It will be terribly painful for those of us with mortgages but the Bank of England has done the right thing. Interest rates in the UK are now 5.75%; and they will almost certainly hit 6% before the end of the year. The real question is why the Bank didn’t act any sooner.
Inflation has remained far too high for too long: the broadest measure, the retail price index, shows that prices are up 4.3% over the past year. For many people, especially middle class consumers with children and who live in big cities, the real rate of inflation is far higher, as Martin pointed out recently.
Even on Gordon Brown’s debased measure of inflation, the consumer price index, Britain’s record is poor compared to that of other large European countries. CPI inflation is 2.5% in Britain, against just 1.1% in France, 1.9% in Germany, 1.6% in Italy and 1.9% for the euro zone.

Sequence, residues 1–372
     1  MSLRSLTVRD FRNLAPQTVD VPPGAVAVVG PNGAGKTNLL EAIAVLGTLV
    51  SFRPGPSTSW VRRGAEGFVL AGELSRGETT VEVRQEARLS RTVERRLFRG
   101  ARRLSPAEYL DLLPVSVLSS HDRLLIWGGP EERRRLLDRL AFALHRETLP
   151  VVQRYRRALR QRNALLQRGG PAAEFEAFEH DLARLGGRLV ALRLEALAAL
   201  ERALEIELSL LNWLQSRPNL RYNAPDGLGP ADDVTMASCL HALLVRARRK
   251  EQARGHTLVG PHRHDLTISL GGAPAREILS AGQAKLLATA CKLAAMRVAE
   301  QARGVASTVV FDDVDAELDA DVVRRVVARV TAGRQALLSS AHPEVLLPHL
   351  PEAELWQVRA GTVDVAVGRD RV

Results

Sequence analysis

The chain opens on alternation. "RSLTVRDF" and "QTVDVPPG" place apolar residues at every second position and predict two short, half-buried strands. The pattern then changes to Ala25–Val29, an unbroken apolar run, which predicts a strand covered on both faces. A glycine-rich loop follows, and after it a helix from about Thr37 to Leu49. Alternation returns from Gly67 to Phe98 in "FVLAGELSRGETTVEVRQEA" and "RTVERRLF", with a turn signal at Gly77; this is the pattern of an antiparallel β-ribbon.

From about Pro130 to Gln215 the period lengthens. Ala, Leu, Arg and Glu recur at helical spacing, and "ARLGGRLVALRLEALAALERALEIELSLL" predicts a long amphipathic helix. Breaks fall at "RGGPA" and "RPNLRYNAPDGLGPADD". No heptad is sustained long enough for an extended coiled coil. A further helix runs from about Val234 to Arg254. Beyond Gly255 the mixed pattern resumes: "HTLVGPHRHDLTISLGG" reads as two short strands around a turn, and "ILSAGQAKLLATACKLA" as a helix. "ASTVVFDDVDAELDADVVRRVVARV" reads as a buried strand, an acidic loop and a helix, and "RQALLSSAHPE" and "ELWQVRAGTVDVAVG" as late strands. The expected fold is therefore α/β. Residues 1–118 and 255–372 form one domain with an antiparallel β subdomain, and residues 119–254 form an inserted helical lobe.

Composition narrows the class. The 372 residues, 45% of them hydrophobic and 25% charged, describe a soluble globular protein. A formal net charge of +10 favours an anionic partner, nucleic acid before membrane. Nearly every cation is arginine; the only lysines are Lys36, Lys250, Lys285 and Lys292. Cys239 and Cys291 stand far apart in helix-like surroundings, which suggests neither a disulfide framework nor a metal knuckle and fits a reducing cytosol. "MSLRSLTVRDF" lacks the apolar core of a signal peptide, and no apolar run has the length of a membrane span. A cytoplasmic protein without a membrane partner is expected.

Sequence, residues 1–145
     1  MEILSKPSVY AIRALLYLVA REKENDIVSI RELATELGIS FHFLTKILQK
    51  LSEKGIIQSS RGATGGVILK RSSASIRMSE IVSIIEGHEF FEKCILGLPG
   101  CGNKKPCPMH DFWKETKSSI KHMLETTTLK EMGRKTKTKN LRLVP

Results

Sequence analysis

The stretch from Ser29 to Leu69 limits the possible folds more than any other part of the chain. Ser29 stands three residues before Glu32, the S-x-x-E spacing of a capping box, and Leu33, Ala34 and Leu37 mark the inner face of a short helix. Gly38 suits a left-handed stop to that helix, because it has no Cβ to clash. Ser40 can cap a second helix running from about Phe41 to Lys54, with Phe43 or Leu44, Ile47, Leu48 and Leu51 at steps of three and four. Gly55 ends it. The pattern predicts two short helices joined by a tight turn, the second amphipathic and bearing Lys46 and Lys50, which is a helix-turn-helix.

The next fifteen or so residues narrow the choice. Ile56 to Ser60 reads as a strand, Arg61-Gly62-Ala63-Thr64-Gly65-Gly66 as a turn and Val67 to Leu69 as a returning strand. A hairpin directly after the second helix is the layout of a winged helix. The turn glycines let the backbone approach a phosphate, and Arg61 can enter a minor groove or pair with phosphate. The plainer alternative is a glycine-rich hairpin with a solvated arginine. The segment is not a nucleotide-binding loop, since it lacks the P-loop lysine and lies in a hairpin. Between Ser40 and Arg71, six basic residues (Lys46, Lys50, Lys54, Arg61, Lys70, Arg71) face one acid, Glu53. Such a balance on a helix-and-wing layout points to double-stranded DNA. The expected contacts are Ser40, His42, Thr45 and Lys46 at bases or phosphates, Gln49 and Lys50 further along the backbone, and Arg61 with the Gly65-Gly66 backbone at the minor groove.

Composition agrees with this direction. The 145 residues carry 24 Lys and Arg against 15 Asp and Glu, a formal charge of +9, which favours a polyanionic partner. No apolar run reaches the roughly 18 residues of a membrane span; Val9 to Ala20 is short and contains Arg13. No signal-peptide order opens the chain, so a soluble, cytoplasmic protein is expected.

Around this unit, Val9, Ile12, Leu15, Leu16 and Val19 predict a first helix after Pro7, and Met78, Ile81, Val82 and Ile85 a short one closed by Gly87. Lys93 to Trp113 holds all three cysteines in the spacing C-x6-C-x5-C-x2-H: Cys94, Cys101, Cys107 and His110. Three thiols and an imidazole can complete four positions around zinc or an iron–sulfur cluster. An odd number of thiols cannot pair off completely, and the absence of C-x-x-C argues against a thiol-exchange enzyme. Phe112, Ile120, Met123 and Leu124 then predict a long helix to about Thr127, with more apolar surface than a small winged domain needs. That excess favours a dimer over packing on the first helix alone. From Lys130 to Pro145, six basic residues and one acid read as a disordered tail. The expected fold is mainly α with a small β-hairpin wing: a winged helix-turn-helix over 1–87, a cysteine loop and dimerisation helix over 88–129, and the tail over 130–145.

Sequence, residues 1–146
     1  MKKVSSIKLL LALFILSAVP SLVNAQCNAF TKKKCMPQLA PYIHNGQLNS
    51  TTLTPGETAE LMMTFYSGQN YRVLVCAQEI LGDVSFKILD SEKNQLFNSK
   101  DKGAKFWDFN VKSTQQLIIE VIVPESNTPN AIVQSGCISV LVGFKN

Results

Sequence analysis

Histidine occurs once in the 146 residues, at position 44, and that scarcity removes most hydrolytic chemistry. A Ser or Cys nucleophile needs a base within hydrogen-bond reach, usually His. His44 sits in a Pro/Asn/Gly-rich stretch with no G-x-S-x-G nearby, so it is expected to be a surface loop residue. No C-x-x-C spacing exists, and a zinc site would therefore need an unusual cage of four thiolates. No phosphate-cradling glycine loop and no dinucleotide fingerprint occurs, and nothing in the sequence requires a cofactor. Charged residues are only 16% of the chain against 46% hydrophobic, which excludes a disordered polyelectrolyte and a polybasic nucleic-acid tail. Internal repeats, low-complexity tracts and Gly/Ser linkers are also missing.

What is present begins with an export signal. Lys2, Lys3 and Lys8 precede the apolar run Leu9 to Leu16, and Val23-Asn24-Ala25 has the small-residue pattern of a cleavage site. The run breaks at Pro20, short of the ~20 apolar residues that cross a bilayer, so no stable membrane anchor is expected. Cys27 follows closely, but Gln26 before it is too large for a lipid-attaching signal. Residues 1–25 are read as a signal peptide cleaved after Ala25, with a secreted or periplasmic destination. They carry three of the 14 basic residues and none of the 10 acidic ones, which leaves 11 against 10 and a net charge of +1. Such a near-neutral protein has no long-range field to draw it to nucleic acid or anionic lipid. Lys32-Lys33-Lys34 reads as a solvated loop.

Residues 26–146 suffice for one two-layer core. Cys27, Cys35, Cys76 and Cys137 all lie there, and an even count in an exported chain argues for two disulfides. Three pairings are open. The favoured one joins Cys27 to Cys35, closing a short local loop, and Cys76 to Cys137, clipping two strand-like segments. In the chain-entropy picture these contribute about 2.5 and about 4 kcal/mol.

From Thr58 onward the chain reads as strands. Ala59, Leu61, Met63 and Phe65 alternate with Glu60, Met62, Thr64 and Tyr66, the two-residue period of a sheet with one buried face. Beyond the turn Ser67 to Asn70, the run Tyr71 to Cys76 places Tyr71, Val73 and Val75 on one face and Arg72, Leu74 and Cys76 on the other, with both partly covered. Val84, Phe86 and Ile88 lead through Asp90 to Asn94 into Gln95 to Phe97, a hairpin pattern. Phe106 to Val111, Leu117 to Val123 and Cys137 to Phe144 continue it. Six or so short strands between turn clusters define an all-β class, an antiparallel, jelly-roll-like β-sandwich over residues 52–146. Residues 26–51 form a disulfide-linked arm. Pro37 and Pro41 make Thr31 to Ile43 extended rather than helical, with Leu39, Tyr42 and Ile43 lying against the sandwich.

The trouble is that we relied on imported deflation from Asian economies to keep our inflation rate down to a much greater extent than most other countries – and now this effect is beginning to wind down. For the first time in years, the price of manufactured goods has started to go up, rather than fall. At the same time, the British economy remains flooded with money and credit, propping up demand and putting added pressure on prices.
So rather than criticising Mervyn King, the Bank’s Governor, for tightening the screws and endangering house prices, as some commentators are already doing, we should be chiding him for his timidity in not moving faster and more boldly.